Battle to save Cape Flats aquifer

Battle to save Cape Flats aquifer

March 2017 is Water Action Month and I want to humbly add to the conversation specifically with regard to what the elected stewards of our natural water resource say in public and what they do behind the scenes.

The PHA Food and Farming Campaign insight here is useful for the wider citizens’ body, dedicated as it has been for eight years in the protection and management of the Philippi Horticultural Area and Cape Flats aquifer – the city’s unique food and water resource.

The Department of Water and Sanitation’s Rashid Khan says farmers need to curtail water use by 10%. And yet last year, in the middle of a crippling drought, the regional head gave a water licence to Oakland City to pave over the recharge zone of the Cape Flats aquifer.

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PROTESTING: Activists implore the mayor to save the Cape Flats aquifer, Cape Town’s only natural water resource, instead of developing a costly desalination plant.

An aquifer is an underground dam that needs a recharge or catchment area free of roofs and roads, pipes and drains (urban development) that can capture rainwater in soils and wetlands to replenish the resource.

Khan demanded that farmers cut down water use in an effort to save water, yet he himself is contributing to the destruction of the very resource we are trying to protect in the Philippi Horticultural Area.

The PHA is virtually the only drought-proof farming area in South Africa.

To his credit, Khan does not favour the release of national drought-relief funds for the province. He rightly suspects the municipality is trying to secure money to fund the desalination plant.

Why is desalination a bad idea?

All desalination plants use fossil fuel energy-supply. Thus, it is insanely utilising a fossil fuel-based “solution” for a fossil fuel caused problem – climate change!

According to Environment MEC Anton Bredell, speaking last week at a Press Club lunch, setting up a 450 megalitre plant can cost up to R15billion with an operating cost of R1.2bn a year. A number of plants, according to Bredell, could provide 10% of the city’s needs.

But what is ignored is that the Cape Flats Aquifer – a free water source, can provide 30% of the city’s water needs – according the UN chairperson of Underground Water, Professor Yongxin Xu.

The Cape Flats Aquifer is unique in the world according to Dr Chris Hartnady of Umvoto Africa. In May 2016, the MECs of Environment and Agriculture, Bredell and Alan Winde, launched with great fanfare the forward-looking AgriSmart policy in which farmers are encouraged to become drought resilient through better soil management and other conservation techniques.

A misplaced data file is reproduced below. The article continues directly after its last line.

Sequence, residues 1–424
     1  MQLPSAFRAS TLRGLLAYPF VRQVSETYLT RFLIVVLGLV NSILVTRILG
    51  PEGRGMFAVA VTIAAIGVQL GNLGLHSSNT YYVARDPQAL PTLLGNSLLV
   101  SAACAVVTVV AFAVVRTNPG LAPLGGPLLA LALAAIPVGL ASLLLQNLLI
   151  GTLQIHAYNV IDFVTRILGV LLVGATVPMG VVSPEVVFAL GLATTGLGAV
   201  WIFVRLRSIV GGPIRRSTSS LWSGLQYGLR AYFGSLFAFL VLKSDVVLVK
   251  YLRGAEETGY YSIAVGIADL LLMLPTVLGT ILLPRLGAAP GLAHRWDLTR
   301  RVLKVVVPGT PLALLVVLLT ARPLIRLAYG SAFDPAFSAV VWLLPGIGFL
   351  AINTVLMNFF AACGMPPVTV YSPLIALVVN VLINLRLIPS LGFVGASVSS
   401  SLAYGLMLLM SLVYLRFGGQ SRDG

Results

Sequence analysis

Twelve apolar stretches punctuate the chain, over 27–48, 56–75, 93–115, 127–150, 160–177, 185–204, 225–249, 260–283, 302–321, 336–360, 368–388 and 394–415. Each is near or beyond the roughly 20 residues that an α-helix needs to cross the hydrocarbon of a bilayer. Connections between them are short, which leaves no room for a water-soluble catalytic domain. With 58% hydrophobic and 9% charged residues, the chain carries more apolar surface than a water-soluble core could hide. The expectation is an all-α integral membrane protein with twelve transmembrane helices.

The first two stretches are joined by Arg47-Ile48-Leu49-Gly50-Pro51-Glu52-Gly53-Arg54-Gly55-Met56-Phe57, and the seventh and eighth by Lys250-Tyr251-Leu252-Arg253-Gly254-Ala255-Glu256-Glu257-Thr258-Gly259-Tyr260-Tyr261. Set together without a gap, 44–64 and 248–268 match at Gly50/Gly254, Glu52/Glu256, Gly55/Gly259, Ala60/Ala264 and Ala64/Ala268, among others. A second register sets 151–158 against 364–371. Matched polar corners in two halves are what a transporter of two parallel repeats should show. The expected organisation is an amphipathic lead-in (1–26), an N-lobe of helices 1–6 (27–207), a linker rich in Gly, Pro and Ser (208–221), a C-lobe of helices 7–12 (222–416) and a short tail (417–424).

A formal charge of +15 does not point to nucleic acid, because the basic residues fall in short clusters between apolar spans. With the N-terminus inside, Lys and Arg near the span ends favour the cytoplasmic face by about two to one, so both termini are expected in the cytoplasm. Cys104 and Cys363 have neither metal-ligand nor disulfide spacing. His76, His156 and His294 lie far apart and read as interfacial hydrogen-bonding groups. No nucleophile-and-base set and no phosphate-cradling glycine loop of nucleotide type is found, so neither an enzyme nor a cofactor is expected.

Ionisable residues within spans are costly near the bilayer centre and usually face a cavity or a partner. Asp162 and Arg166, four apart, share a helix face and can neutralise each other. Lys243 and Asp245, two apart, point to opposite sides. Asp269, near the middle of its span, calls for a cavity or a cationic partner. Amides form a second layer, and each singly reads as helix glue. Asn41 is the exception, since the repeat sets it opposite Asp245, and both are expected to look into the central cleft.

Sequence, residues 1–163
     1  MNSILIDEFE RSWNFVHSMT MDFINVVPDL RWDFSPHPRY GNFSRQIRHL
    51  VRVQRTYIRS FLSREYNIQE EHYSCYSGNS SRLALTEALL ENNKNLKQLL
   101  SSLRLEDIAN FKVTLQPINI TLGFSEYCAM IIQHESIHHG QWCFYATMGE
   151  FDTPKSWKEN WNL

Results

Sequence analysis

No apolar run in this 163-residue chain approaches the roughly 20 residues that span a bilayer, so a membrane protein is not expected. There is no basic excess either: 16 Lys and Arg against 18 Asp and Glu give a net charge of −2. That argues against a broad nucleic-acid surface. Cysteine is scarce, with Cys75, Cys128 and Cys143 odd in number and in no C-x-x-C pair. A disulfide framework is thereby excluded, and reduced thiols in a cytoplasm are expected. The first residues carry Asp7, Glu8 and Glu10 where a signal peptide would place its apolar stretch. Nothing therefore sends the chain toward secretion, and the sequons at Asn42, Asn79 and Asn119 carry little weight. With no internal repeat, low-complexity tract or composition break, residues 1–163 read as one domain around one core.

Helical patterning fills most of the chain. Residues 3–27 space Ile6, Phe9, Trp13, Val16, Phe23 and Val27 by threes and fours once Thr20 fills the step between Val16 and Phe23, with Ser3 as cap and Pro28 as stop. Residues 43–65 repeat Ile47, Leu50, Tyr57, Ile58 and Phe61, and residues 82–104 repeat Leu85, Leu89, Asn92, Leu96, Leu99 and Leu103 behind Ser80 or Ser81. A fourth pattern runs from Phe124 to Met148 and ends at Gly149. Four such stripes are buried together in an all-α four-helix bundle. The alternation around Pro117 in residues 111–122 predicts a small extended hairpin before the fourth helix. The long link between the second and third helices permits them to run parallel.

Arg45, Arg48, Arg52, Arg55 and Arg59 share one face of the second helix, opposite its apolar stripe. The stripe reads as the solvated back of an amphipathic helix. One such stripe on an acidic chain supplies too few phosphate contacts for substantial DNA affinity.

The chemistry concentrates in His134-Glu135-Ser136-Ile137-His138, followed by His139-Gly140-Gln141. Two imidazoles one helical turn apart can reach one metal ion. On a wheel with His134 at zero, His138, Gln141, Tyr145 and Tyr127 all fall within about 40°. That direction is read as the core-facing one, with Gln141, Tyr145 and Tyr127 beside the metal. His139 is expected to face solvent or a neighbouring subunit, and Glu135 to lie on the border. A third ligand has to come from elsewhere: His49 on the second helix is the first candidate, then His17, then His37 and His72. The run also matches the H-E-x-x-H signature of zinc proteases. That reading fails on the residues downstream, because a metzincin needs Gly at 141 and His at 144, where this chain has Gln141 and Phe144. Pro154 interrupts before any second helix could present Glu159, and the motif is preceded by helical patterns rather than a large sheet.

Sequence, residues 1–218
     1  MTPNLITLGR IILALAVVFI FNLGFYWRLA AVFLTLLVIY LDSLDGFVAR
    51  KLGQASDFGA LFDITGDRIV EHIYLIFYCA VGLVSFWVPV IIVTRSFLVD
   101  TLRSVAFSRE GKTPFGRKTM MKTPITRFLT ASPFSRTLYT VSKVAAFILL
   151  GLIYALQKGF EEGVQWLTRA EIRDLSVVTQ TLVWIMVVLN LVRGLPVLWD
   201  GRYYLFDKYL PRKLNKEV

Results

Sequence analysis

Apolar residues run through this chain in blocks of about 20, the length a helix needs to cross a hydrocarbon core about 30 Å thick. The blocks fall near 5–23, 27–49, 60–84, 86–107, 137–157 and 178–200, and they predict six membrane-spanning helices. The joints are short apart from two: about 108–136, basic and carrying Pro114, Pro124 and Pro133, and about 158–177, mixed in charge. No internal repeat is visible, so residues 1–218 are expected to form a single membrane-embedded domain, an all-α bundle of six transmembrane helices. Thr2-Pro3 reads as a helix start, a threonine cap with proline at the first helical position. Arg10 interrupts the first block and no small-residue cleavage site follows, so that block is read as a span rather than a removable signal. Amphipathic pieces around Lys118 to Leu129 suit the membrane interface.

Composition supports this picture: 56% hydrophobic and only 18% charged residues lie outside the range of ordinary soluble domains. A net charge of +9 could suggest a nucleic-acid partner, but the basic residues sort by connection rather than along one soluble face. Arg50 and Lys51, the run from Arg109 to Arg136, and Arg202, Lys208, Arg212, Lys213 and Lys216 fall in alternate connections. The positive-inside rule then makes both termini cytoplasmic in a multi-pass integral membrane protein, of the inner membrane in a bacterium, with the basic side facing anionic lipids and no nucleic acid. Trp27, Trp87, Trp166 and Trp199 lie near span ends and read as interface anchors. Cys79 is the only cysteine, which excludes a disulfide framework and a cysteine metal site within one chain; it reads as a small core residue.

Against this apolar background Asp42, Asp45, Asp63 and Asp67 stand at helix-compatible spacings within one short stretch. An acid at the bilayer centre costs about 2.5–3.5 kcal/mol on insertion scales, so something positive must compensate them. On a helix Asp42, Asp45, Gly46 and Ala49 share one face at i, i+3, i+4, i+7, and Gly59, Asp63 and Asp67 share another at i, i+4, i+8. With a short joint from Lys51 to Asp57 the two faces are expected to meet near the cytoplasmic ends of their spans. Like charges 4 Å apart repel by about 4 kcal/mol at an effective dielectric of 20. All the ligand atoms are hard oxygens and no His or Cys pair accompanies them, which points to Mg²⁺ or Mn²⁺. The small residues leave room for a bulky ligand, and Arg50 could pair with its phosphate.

The AgriSmart policy identifies the value of the PHA as key in building a climate-resilient city. Yet both MECs have signed off approvals for developments and silica sand mining in the PHA that will delete the highest producing agricultural farmlands per hectare in the country, simultaneously deleting the Cape Flats aquifer’s primary recharge zone.

The PHA Campaign has appealed these. In June 2016, at a drought dialogue, André Roux, the director of sustainable resource management of the WC Department of Agriculture, noted dam levels at 25% were down from 35% in 2015, while encouraging farmers to practise conservation agriculture methods to save water.

Yet at the same time, he was authoring the paperwork to facilitate the building of a massive development: of 20 000 houses, shopping centres, private prisons and schools – all over the aquifer’s recharge zone. On March 1, mayor Patricia de Lille stated that infrastructure plans for the water supply system remain on track. None of these take into account the Cape Flats aquifer and yet suddenly pumping water out of the aquifer is the solution to our crisis.

Does this now mean that the mayor is going to respond to the PHA Food and Food Farming Campaign’s four-year long appeals to protect, manage and invest research in the aquifer?

The campaign hosted two aquifer seminars in 2014 and 2016 with no interest or response from the city. Does the drought crisis now also mean the mayor will acknowledge the value of the PHA, and abandon her insane efforts to rezone prime agricultural land for middle-class housing that can be built elsewhere?

A city report from 2010 identifies 10 000 hectares of developable land elsewhere in Cape Town, closer to existing bulk services. Will the mayor respect the Western Cape Department of Sports, Culture and Recreation MEC’s tribunal ruling that turned down a rezone appeal for a development in the PHA, and declared the PHA and CFA a heritage resource worthy of protection?

The mayor says the first phase of her proposed desalination plan will cost R8bn to yield only a 10th of our water needs. We therefore suspect the actual desalination project costs are more in the order of R80bn and not the R15bn quoted.

An annual maintenance bill of R1.2bn will have to be underwritten by taxpayers. The campaign suspects that once again the city will opt for imported solutions (desalination is utilised mainly in deserts, affordable only to oil-producing countries) – that entail gigantic tenders for enthusiastic party donors.

The mayor says water reuse is also being considered. This is expected to yield an average of 220 million litres a day. The cost includes R4.5bn capital expenditure and R500 000 operating expenditure.

Now I hope the mayor is going to spend some of that money on reversing the plumbing at two of our waste-water treatment plants – Mitchells Plain and Strandfontein. Huge amounts of energy and water are used to clean waste water and this is dumped into the sea.

This water can be pumped into ponding areas in the nearby PHA during summer and dry years to artificially recharge the Cape Flats aquifer.

Source: Cape Times: March 6, 2017

Post Author: Muaz Cisse

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